Listen to my audio report from Geneva, where we reported on how governments are working to keep human astronauts in small pods during their lengthy journeys to and from Mars. See it on — click here.

Some 20 years ago, a group of scientists, engineers and philosophers began calling for an effort to return to the moon. Now, the effort is taking place at conferences and on social media, along with commitments from some of the world’s biggest aerospace companies.

I was recently in Geneva as part of a team reporting on the efforts to send humans back to the moon and to Mars, working alongside a NASA scientist and a University of Washington computer scientist. We were a small, international group: one journalist, one journalist, one scientist, two students from an air-and-earth sciences department at the University of Nebraska at Omaha and one physicist. It was only our fourth time in touch over the course of a year as we reported our own findings together, using Twitter, Skype and I-Fi-type connections.

During our travels, I met several very cool people, got in a lot of interesting meetings and shared an Uber or two. After a while, though, I became increasingly isolated. I didn’t know any of the other people I was interviewing or even much about how the conference was arranged. It was a story in itself.

So, for readers, here’s how I manage to find yourself communicating with my colleagues and others about my unique travel experience, in my own words.

1. Clarify the process. Before any Twitter communication, you need to find out: What is Twitter for? As well as what does Twitter, uh, facilitate? You need to know how the service works. It’s a private messaging system that works through the Web. Here are its features: search, notifications and conversations, both public and personal, no longer than 140 characters each. Twitter lists are like part of your Twitter feed, though you don’t need to follow them to read them. Finding tweets that you want to follow is also a way to share them with others.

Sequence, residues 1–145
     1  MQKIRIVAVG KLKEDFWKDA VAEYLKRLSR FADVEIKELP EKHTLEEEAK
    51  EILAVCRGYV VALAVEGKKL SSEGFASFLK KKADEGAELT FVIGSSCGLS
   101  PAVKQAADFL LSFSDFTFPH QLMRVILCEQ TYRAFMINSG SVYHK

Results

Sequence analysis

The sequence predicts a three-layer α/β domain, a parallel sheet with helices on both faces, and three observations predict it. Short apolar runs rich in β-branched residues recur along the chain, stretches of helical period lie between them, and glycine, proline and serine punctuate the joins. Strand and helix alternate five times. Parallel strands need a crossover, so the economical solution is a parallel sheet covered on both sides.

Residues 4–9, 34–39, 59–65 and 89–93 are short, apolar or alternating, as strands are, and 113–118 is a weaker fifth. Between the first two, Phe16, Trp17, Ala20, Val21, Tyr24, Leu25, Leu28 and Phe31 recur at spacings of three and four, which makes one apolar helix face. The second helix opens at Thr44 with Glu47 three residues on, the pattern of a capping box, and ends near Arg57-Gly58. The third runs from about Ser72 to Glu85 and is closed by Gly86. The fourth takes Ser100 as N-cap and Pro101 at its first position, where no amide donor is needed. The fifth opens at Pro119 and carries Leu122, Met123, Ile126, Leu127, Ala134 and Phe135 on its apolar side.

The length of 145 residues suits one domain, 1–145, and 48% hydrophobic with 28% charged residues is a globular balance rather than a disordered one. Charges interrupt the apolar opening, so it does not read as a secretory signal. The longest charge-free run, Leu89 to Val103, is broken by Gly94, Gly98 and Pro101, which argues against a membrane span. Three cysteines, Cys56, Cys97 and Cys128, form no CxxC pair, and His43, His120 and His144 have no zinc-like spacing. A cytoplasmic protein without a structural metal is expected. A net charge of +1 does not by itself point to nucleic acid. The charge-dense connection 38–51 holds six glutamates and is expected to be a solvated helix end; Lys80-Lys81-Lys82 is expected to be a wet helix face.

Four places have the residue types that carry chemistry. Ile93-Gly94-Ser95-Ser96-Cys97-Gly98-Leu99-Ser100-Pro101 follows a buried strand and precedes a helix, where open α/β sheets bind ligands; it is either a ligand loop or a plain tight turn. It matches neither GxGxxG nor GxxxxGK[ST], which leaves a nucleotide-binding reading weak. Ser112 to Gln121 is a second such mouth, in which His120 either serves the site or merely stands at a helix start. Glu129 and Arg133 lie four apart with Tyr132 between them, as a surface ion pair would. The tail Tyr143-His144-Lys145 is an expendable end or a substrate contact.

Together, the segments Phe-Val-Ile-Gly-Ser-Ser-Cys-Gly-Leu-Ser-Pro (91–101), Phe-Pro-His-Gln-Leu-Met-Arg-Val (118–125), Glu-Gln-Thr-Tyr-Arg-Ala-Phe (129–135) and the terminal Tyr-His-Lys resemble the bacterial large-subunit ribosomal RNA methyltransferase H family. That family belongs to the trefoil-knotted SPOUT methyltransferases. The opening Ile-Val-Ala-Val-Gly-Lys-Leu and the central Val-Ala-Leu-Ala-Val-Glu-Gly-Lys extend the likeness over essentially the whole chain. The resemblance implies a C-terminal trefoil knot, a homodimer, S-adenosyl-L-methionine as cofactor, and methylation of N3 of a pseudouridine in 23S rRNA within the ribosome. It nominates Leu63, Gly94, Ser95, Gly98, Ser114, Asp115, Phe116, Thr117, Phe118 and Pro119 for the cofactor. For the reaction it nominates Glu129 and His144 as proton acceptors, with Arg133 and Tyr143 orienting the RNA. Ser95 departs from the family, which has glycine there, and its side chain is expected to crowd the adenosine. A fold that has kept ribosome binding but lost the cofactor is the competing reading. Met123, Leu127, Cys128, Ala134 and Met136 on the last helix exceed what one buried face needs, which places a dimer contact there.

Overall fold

2. Find out who you are. Twitter makes it easy to connect with others in real time, including: people with common interests (about 1.5 billion people), people in your town (let’s say Seattle, Washington), and people you are connected to in more than one location (at least 280 million). Once you figure out who you are, you can learn a lot about each other. You will be able to speak about your interest, their interest, your experiences and also learn more about them from other people who will have similar experiences.

3. Find the resources. Twitter is not a complete self-selection process. Some people like funny jokes, and some people don’t. Some people read pictures, and some people don’t. Your interests may vary a lot. But your connections will, too. Everyone shares photos, jokes, hashtags and whatever else they find interesting. Everyone reads other people’s articles and tweets. So, it is possible to meet people you would never meet otherwise.

4. Experiment and learn. I occasionally forget my Wi-Fi password while I’m shooting video for our reports, which means I never get online. When I do, I see other people sharing interesting things. I also notice things they do that might interest me.

And I think we can all agree on one thing: If you manage to do it, stay here.

This week’s round of posts include a look at how the U.S. government is working to keep its astronauts in small pods during their journey to Mars, and NASA’s ongoing efforts to return astronauts to the moon. Click here to read them.

A native of Singapore, JunGoh is a freelance journalist and award-winning science writer. She reports on the space race for GlobalPost and the BBC.